Submitted to: Meeting Abstract
Publication Type: Abstract Only
Publication Acceptance Date: March 21, 2007
Publication Date: July 31, 2007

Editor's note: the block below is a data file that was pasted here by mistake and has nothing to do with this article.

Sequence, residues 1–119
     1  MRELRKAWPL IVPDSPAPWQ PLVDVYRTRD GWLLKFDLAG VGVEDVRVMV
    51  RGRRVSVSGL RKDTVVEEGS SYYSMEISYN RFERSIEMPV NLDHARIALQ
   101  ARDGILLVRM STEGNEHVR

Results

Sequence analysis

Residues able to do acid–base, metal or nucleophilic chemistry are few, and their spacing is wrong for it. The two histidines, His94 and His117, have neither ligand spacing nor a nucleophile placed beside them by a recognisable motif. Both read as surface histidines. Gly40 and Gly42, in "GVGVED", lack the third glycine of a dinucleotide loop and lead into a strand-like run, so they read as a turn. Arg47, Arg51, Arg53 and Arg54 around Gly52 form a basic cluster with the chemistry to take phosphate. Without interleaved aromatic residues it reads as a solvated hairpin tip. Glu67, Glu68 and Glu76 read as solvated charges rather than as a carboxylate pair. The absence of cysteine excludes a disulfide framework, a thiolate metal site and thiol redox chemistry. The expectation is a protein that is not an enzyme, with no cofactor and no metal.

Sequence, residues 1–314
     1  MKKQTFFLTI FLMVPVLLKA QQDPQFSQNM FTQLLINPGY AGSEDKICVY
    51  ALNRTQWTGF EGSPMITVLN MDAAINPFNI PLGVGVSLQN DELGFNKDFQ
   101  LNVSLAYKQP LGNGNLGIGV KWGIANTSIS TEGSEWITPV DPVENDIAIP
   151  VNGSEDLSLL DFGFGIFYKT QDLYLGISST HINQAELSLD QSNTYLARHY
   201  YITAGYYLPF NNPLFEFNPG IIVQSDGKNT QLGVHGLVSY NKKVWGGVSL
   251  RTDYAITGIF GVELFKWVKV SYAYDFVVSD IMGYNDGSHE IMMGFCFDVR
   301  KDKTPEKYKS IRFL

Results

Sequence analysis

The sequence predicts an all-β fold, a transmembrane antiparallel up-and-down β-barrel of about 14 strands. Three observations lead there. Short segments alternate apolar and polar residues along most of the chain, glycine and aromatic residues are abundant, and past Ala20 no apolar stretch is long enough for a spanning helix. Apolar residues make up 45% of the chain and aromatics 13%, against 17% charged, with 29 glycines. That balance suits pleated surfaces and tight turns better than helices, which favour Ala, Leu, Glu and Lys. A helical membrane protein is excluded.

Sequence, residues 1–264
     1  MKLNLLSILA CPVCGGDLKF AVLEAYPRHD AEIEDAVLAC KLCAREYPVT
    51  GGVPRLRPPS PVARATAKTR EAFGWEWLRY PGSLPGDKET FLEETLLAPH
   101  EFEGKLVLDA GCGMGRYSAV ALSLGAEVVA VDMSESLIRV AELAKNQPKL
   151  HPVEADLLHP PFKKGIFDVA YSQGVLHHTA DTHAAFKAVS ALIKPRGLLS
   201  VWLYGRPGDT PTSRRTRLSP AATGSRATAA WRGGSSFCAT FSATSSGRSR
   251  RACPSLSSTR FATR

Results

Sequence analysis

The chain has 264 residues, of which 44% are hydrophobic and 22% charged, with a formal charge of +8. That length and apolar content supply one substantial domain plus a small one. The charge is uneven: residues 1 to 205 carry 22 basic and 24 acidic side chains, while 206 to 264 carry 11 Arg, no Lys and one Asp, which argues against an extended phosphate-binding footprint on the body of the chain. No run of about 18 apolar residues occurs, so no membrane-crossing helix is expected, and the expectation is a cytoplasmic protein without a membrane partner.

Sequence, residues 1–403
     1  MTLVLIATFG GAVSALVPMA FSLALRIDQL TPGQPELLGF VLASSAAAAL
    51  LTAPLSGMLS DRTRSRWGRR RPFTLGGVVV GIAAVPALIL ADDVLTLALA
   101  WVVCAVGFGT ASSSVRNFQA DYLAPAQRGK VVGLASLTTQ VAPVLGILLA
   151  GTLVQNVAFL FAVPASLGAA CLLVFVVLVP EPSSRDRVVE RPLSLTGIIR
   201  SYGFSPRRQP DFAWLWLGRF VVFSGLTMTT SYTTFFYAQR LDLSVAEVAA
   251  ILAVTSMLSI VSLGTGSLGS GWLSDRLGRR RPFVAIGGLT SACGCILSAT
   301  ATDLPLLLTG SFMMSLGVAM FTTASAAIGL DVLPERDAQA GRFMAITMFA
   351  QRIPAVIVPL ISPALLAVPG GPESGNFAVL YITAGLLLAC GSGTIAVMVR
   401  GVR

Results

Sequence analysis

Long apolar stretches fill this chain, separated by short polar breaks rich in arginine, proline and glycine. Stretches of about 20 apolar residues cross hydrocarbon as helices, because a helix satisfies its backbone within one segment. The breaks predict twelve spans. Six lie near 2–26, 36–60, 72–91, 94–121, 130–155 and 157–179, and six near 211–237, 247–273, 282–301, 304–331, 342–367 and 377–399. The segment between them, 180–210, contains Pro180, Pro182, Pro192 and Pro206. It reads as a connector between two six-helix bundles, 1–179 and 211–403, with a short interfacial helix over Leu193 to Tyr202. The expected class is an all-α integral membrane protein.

Citation: Jin, Z.T., Zhang, H.Q., Liu, L.S., Hicks, K.B. 2007. Application of pectin in combination with nisin in antimicrobial food packaging [abstract]. International Food Technologists annual Meeting. Paper No. 206-06. p. 292. Technical Abstract: Justification: Pectin is a branched polysaccharide that has been used for thickening, coating, and encapsulating. However, few studies have been reported on use of pectin as a base packaging material and as a carrier of nisin for antimicrobial food packaging. Objective: The objective of this study was to develop pectin films containing nisin and investigate the antimicrobial functionality of these films in foods. Methods: Two types of pectin films were developed in this study: 1. Extruded composite films from pectin and poly(lactic acid) (PP film); 2. Cast composite edible films from pectin and soy protein (PSP film). Nisin was loaded into films either by a diffusion method post extrusion (PP+N film) or by adding to the pectin-soy protein mixture prior to casting (PSP+N film). Each film contained a maximum of 0.5% nisin. Inhibition of Lactobacillus platarum and Listeria monocytogenes by the films were evaluated in MRS, BHI, liquid egg white and orange juice. The mechanical properties of PP films were also determined. Results: Both PSP+N film and PP+N film significantly inhibited the growth of L.planturam in MRS and L.monocytogens in BHI. There was no growth of L.planturam or L.monocytogens detected (<10 cfu/ml) in PP+N or PSP+N films while the control had 9 log of L.planturam at 24 h or 9.5 log of LM at 96 h, respectively. L.monocytogens in liquid egg white with PP+N film was reduced from 6.8 log to 2 log while control maintained at 6.5 log after 32 h. Six log reduction of L.monocytogens in orange juice with PP+N film was observed. The incorporation of nisin didn’t affect the tensile strength, flexibility and toughness of PP+N films. Significance: This study demonstrated that the pectin films with nisin effectively inactivated L.planturam and L.monocytogens. The use of biobased and biodegradable materials, such as pectin, in combination with nisin has a great potential in antimicrobial food packaging.